June 8 (Reuters) – U.S. solar energy installations soared 47% in the first quarter, according to an industry report published on Thursday, as easing panel supplies alleviated industry gridlock and allowed many stalled big projects to be completed and connected to the grid.
The solar industry had its best first quarter ever, installing 6.1 gigawatts (GW), an analysis by research firm Wood Mackenzie and the Solar Energy Industries Association (SEIA) trade group found. That is enough capacity to power more than 1 million homes.
The sector accounted for 54% of new U.S. electric generating capacity during the quarter, the report said. Florida had more new installations than any other state.
As a result of the strong quarter, SEIA raised its forecast for the year slightly to 29 GW from 28.4 GW.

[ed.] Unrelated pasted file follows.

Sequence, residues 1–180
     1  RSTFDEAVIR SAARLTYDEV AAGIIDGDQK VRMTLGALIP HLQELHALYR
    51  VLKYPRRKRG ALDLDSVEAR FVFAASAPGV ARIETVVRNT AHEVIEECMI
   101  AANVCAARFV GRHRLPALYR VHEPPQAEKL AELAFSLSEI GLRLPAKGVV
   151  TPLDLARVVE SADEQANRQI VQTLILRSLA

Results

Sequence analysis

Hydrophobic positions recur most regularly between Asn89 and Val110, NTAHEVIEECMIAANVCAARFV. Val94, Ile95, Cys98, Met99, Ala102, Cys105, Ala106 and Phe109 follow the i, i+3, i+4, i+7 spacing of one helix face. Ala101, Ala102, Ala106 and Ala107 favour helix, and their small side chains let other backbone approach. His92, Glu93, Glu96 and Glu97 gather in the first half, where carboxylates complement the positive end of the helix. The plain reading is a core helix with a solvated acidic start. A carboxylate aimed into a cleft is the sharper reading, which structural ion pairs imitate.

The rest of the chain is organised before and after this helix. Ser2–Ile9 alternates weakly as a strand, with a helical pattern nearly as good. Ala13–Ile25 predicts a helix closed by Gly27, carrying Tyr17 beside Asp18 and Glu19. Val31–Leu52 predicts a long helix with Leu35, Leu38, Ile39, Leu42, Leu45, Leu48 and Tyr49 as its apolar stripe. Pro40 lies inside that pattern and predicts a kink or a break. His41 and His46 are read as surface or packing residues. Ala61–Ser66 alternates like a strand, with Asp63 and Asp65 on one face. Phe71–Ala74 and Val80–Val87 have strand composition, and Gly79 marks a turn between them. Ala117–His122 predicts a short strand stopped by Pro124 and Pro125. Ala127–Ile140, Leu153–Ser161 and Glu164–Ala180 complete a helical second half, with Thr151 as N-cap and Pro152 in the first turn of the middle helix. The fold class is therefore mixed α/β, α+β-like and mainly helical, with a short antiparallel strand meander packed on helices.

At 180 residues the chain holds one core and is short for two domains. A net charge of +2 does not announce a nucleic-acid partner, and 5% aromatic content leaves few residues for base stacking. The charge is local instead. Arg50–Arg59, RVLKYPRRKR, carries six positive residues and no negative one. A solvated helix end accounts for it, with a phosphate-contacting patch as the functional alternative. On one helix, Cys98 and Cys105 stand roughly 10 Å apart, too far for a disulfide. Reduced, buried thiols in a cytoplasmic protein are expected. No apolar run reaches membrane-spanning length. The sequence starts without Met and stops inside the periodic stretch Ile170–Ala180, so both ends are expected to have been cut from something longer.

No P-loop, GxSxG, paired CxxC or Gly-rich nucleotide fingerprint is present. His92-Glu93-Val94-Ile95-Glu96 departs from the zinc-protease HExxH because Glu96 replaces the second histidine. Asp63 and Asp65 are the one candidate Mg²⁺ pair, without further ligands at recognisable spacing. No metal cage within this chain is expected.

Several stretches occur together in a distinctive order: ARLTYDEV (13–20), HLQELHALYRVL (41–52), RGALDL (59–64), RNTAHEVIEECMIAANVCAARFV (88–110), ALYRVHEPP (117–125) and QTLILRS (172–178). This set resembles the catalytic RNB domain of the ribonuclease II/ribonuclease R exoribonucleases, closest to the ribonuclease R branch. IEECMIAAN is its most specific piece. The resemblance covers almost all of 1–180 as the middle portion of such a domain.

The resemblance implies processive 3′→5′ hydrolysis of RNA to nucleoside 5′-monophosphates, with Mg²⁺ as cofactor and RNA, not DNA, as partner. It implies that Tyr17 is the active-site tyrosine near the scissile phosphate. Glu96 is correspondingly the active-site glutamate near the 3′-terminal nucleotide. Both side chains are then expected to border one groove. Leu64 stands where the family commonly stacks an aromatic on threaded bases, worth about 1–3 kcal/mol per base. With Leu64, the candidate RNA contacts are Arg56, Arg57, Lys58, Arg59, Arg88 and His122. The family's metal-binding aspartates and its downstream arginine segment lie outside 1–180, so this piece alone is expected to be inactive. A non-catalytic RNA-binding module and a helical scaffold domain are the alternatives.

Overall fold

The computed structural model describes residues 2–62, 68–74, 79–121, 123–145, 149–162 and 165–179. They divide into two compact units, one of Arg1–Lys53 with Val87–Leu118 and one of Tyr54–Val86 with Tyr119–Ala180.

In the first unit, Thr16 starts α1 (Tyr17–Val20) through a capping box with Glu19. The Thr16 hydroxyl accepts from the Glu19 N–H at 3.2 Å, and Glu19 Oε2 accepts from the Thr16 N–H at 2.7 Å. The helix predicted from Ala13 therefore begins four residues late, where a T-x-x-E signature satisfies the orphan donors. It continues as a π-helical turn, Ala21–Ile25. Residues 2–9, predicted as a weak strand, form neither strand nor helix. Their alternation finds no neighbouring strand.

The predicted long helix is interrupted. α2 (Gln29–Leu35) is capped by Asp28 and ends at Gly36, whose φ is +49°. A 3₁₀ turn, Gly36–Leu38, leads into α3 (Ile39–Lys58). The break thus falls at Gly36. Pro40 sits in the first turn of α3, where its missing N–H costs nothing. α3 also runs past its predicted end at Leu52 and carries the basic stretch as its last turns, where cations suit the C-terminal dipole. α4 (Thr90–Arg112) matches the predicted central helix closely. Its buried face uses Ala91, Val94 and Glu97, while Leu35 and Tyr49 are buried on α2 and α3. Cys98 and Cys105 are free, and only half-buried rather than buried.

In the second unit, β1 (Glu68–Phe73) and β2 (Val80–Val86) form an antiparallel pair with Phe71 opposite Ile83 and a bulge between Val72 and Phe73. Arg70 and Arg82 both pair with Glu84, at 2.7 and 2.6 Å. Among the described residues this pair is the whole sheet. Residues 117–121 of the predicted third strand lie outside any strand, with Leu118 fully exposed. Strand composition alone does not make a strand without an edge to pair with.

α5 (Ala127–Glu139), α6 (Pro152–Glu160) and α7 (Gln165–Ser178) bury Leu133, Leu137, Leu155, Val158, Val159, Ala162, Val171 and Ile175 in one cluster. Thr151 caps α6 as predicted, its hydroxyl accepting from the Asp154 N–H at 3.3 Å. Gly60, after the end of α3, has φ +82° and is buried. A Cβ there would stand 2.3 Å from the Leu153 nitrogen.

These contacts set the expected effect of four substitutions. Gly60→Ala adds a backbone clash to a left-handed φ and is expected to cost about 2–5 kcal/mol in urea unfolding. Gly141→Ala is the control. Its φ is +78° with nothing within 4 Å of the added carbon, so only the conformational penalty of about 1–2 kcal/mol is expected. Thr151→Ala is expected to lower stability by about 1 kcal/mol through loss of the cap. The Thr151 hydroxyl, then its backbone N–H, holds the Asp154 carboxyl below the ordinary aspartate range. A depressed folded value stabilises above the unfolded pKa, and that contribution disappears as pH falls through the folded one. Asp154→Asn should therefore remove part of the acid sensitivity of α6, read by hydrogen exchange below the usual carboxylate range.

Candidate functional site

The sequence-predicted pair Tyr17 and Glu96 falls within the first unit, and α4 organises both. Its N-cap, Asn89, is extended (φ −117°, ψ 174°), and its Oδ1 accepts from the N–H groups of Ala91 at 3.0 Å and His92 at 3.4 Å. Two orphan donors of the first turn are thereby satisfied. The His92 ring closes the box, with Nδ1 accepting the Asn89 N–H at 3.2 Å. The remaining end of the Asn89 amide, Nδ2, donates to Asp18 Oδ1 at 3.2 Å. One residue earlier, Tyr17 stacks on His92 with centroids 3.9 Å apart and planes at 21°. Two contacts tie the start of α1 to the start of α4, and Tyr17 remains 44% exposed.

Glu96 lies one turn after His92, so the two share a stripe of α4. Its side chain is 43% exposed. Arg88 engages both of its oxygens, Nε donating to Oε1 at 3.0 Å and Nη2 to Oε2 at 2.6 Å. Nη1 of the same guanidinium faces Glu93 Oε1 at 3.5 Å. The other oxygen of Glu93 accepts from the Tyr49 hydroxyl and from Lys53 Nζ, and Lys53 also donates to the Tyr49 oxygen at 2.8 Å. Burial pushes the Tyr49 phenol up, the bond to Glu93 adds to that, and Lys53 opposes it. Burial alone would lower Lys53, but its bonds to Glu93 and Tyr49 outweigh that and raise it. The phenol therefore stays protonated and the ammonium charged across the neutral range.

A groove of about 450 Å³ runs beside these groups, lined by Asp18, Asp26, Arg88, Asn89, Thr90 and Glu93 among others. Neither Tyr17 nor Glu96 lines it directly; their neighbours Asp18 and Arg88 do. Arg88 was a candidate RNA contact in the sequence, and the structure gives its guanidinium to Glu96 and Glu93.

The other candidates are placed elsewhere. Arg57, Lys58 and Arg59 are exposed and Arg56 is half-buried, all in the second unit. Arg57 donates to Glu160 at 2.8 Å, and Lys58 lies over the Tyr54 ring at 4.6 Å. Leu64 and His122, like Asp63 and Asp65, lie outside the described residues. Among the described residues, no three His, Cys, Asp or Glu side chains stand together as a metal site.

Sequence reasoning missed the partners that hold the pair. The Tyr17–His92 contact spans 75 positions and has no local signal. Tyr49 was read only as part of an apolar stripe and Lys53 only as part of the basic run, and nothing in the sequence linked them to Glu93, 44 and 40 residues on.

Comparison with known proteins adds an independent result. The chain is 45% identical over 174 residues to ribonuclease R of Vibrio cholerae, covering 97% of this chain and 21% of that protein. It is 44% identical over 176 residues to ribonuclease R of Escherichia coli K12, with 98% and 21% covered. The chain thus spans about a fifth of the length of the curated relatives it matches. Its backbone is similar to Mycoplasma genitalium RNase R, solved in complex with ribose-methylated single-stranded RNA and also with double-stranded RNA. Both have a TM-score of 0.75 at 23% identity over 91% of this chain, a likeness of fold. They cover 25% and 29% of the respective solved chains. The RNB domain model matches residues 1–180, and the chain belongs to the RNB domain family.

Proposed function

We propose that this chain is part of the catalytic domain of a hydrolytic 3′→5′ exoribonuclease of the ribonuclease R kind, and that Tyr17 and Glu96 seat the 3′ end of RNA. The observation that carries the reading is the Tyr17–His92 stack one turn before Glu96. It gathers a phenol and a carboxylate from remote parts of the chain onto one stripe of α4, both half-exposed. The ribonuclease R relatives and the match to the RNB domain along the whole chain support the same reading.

Large projects for utilities and other big customers led installations with 3.8 GW, up 66% from a year earlier. The growth represents a substantial turnaround for the industry, which has been struggling with tight supplies of imported panels stemming from implementation of a law meant to weed out products made with forced labor.
The report said 12 GW of solar modules were imported in the first quarter compared with 29 GW in all of 2022.
Residential solar also had a banner quarter, soaring 30% to 1.6 GW. Homeowners in California, the sector's biggest market, scrambled to get systems installed before the state implemented a new policy in April that slashed a subsidy for panel owners.
The industry, however, is seeing a slowdown in many states due to economic uncertainty, SEIA said, and residential solar installations are only expected to rise 8% this year.
In the report, SEIA said it expects strong growth for the industry over the next five years, thanks in large part to renewable energy incentives in U.S. President Joe Biden's new Inflation Reduction Act. Growth rates are expected to be in the low teens between 2024 and 2028, with installations tripling from their current level by 2029.
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